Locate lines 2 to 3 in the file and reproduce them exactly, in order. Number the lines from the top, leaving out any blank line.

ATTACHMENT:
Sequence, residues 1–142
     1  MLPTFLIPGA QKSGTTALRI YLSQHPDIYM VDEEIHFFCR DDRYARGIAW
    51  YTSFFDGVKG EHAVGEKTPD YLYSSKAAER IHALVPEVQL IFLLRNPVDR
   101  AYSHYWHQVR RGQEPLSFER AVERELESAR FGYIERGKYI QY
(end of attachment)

     1  MLPTFLIPGA QKSGTTALRI YLSQHPDIYM VDEEIHFFCR DDRYARGIAW
    51  YTSFFDGVKG EHAVGEKTPD YLYSSKAAER IHALVPEVQL IFLLRNPVDR